What are 'Currency Futures'

Currency futures are a transferable futures contract that specifies the price at which a currency can be bought or sold at a future date. Currency futures contracts are legally binding and counterparties that are still holding the contracts on the expiration date must trade the currency pair at a specified price on the specified delivery date. Currency future contracts allow investors to hedge against foreign exchange risk.

BREAKING DOWN 'Currency Futures'

Because currency futures contracts are marked-to-market daily, investors can exit their obligation to buy or sell the currency prior to the contract's delivery date. This is done by closing out the position. The prices of currency futures are determined when the contract is signed, just as it is in the forex market, only and the currency pair is exchanged on the delivery date, which is usually some time in the distant future. However, most participants in the futures markets are speculators who usually close out their positions before the date of settlement, so most contracts do not tend to last until the date of delivery.

Difference Between Spot Rate and Futures Rate

The currency spot rate is the current quoted exchange rate that a currency pair could be bought or sold. If an investor or hedger conducts a trade at the currency spot rate, the exchange of the currency pair may take place at the point at which the trade took place or shortly after the trade. Since currency forward rates are based on the current currency spot rate, currency futures could be substantially affected if currency spot rates change.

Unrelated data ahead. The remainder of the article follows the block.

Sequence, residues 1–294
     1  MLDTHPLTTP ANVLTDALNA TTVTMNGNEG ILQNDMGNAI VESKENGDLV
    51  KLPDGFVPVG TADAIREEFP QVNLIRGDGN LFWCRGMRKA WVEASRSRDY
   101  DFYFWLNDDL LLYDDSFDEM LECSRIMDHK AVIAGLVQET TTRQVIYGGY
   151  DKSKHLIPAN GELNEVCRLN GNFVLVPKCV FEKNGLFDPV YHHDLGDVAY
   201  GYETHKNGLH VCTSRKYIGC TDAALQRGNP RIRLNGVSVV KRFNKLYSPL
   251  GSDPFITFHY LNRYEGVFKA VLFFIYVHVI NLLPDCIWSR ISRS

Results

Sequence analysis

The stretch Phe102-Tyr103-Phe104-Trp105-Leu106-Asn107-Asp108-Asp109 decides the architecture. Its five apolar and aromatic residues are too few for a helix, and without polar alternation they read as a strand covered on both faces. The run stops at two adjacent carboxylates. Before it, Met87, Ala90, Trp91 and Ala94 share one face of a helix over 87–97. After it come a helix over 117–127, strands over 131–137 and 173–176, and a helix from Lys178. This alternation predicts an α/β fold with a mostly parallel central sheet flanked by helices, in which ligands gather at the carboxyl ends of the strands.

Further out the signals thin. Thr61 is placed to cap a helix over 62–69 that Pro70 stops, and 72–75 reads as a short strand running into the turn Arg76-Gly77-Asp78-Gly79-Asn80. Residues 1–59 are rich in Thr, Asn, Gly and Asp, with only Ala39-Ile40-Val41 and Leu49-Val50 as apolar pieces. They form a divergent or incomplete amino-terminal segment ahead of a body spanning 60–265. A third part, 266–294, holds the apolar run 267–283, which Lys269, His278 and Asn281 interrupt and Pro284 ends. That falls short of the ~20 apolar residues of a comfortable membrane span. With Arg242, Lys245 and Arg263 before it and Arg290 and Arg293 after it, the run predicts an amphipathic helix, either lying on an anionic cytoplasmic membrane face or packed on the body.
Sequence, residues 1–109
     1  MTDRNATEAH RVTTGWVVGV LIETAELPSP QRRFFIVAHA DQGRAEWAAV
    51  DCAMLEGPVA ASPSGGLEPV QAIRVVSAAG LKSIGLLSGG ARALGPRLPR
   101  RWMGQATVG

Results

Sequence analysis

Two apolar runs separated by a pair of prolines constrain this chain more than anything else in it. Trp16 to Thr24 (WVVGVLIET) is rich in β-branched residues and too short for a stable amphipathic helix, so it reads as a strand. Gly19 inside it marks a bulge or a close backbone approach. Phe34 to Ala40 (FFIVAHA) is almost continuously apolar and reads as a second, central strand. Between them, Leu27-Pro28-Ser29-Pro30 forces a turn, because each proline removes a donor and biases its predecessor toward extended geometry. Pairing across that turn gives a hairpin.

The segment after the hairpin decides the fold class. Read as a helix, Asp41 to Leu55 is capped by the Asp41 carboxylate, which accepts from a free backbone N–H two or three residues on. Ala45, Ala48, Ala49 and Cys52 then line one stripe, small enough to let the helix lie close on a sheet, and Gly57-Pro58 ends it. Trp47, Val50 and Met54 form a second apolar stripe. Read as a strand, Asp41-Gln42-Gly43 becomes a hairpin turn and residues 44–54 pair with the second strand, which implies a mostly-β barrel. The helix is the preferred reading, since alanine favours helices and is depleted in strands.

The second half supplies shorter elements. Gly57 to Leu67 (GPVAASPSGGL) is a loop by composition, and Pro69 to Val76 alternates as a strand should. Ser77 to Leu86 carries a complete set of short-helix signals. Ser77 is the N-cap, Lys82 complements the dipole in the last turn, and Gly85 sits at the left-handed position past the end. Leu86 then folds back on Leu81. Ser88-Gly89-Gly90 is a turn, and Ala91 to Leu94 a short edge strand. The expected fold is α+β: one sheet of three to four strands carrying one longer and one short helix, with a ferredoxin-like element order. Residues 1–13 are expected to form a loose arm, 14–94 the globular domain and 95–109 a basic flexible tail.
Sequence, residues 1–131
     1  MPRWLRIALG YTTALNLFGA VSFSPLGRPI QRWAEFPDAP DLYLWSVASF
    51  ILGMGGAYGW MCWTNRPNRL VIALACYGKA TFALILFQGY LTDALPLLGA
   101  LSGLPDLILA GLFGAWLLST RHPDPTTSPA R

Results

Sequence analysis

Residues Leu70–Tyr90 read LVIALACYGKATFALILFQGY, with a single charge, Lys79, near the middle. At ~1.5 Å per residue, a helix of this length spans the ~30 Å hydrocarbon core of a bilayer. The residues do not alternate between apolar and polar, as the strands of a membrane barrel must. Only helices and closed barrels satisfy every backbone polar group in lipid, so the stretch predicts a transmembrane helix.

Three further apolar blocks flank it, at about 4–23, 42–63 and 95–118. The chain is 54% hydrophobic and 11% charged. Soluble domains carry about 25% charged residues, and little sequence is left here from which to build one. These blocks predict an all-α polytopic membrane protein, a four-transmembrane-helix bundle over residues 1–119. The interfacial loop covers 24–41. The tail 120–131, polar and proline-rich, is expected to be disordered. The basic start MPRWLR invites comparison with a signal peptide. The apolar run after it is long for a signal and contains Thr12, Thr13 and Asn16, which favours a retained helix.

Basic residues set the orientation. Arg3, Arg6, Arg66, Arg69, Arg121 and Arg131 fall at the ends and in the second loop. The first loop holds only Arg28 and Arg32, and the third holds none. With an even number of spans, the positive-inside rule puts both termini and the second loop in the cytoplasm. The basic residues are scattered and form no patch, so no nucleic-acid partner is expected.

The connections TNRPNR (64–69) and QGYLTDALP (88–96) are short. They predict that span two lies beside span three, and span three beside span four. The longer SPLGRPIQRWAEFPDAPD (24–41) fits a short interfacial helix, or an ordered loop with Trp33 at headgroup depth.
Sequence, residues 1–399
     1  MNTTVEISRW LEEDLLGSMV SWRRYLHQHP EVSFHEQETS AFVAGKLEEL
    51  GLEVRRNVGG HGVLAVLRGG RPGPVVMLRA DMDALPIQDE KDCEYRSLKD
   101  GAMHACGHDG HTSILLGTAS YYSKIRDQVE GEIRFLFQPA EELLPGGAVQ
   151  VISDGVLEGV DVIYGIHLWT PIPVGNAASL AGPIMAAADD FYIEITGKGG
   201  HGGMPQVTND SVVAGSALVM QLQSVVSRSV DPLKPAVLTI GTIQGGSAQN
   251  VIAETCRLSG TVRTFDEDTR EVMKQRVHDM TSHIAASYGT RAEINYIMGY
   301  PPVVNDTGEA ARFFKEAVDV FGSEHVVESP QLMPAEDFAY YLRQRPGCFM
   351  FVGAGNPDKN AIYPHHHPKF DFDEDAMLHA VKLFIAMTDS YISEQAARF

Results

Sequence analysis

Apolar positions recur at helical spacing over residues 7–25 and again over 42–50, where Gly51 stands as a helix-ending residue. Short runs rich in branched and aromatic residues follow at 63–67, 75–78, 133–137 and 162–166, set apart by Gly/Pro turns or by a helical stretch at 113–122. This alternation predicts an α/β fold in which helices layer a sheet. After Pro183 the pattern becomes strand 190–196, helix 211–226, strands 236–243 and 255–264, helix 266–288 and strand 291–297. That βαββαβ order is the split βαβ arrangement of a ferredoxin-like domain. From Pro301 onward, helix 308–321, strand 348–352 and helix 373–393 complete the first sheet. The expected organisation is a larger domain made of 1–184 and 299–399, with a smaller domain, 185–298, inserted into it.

If the spot rate of a currency pair increases, the futures prices of the currency pair have a high probability of increasing. On the other hand, if the spot rate of a currency pair decreases, the futures prices has a high probability of decreasing.

Currency Futures Example

For example, assume hypothetical company XYZ, which is based in the United States, is heavily exposed to foreign exchange risk and wishes to hedge against its projected receipt of 125 million euros in September. In August, company XYZ could sell futures contracts on the euro for delivery in September, which have a contract specification of 125,000 euros. Therefore, company XYZ would need to sell 1,000 futures contracts on the euro to hedge its projected receipt. Consequently, if the euro depreciates against the U.S. dollar, the company's projected receipt is protected. However, the company forfeits any benefits that would occur if the euro appreciates.

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